STEVE INSKEEP, HOST:
The fall TV season is just getting started, which means it's prime time for Eric Deggans, TV critic for the Tampa Bay Times, regular guest here. Hi, Eric.
ERIC DEGGANS: Hey. How's it going, Steve?
INSKEEP: I'm doing OK. So, I gather that there's a trend of somewhat older people in some of these shows. We're talking about adults with crabby, old parents.
DEGGANS: And, unfortunately, they're all stereotypes. They're kind of typically crotchety and very dysfunctional, very self-centered, and of course, the kids get to complain and moan about their parents, who don't understand them.
INSKEEP: But it is the full range of baby boomers here - from people still stuck in the '60s, all the way back to people still stuck in the '50s. Is that right?
DEGGANS: Oh, yeah. And, you know, it's interesting. You feel like these writers in Hollywood are kind of working out their issues with their parents, in these sitcoms. Because we have a show called "Mom," from Chuck Lorre, that's about a woman that's just out of rehab. And her mother has all the bad habits that she's trying to get rid of. She's promiscuous. She's also just out of rehab. And then this woman is afraid she's going to pass it down to her daughter. And you see this stuff working out in all these different shows.
INSKEEP: And there some others here. I could name a few of them: "The Millers," "The Crazy Ones," "Back in the Game." And then there's this series called "Dads."
DEGGANS: Oh yes, "Dads." It's the trifecta. It's a terrible show. (Laughter) It has the stereotypical crotchety parents, played by Peter Riegert and Martin Mull. And it also has loads of sexist and stereotypically racially prejudiced stuff about Asian people.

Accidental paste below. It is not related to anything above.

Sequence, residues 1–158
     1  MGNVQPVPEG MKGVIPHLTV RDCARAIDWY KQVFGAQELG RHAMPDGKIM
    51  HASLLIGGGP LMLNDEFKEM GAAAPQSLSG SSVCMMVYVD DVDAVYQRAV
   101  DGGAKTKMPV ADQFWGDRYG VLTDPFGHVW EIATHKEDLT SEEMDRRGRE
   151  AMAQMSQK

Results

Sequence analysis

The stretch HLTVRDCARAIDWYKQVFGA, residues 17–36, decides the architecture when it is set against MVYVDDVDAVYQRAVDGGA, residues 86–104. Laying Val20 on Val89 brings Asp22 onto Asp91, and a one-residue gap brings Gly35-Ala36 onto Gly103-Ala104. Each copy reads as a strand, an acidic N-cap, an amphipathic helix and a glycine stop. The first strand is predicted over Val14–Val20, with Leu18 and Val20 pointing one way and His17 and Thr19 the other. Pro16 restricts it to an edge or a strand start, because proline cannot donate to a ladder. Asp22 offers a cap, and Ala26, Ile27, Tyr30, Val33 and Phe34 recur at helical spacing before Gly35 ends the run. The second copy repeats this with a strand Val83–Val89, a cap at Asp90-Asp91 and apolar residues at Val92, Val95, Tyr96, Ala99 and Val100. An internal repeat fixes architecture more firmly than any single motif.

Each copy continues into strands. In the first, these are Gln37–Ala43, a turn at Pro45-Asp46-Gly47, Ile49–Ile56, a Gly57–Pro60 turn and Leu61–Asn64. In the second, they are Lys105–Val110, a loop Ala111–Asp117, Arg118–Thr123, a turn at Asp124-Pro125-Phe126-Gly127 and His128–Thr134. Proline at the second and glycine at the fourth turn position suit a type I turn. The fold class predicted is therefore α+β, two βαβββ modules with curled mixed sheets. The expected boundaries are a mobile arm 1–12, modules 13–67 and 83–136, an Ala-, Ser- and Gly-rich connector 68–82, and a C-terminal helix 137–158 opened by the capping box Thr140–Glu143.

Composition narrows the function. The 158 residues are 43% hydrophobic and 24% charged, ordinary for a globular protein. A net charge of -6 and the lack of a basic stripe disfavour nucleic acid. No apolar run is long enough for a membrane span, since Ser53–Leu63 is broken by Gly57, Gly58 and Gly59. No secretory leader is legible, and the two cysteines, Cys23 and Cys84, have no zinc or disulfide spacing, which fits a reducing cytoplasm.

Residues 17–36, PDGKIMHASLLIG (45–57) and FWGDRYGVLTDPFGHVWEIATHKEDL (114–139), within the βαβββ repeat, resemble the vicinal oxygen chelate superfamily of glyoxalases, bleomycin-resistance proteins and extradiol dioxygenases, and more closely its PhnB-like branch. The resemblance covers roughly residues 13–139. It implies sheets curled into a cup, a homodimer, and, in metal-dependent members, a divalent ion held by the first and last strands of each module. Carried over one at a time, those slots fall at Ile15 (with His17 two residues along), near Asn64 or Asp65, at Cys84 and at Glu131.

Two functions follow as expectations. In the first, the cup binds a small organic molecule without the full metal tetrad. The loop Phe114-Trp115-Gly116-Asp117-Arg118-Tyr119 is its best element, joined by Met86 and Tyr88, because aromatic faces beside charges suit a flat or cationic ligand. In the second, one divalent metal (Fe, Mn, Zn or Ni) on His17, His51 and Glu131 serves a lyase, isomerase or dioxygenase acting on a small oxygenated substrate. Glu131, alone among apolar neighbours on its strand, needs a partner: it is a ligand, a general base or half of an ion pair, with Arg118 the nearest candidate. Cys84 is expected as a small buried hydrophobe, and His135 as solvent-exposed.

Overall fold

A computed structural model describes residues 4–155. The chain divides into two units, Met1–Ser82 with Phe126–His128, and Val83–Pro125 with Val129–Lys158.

(SOUNDBITE OF TV SHOW, "DADS")
UNIDENTIFIED ACTRESS: (As character) Well, you're lucky your dads are American. My dad beat me with a math book till I was 16.
UNIDENTIFIED ACTOR: (As character) Well, see, there you go. That's exactly why we need your help on Friday when we pitch to the Chinese investors.
UNIDENTIFIED ACTRESS: (As character) Why? Because of my intimate knowledge of Chinese culture?
UNIDENTIFIED ACTOR: (As character)No. Because you're going to dress up like a sexy Asian schoolgirl.
DEGGANS: It will surprise no one that this is from the writers who came up with "I Saw Your Boobs" on the Oscar telecast, now is doing a live-action sitcom. Hopefully, the show will get better as they do future episodes.
INSKEEP: OK. So, you don't seem totally enraptured with the programs you've been talking about so far. Any of the new TV shows any good?
DEGGANS: Oh, yeah. There's this wonderful new comedy on Fox. It's probably the best new comedy of the fall. It's called "Brooklyn Nine-Nine," and it features "Saturday Night Live" alum Andy Samberg, and he's aligned with "Homicide: Life on the Street" and "Men of a Certain Age" alum Andre Braugher. And I think we might have a great clip from that show, too.
(SOUNDBITE OF TV SHOW, "BROOKLYN NINE-NINE")
ANDY SAMBERG: (As Jake Peralta) Sergeant, you know me. I have more arrests than anyone. Will you please tell the captain how dumb it is to lock his best detective in a file cabinet?
TERRY CREWS: (As Terry Jeffords) You're wrong about Holt. That man has forgotten more about being a cop than more than you will ever know. In 1981, he caught the Disco Strangler.
ANDRE BRAUGHER: (As Ray Holt) It's over, Disco Man. Put down the yo-yo, and back away from the girl.
INSKEEP: (Laughter) I think I'm going to start using that phrase here on MORNING EDITION, Eric.
DEGGANS: (Laughter) Now, what you're missing in radio, of course, is this visual of Andre Braugher, who we've seen - you know, with close-cropped hair, but he's back in the '70s, so he has a little bit of an afro. It's really a wonderful look. And to see these two types play off of each other - Andy Samberg's kind of silly; Andre Braugher is more serious, but he's also very aware of what Andy Samberg's character is trying to do. And he knows how to get one-up on him every time. And it's just great to see these two guys. They have a really unexpected and really funny chemistry together.
INSKEEP: Eric Deggans, TV critic of the Tampa Bay Times and soon to be on staff at NPR. Eric, welcome, by the way.
DEGGANS: Thanks for having me.
INSKEEP: And remember: Put down the yo-yo, and back away from the girl.
(SOUNDBITE OF MUSIC)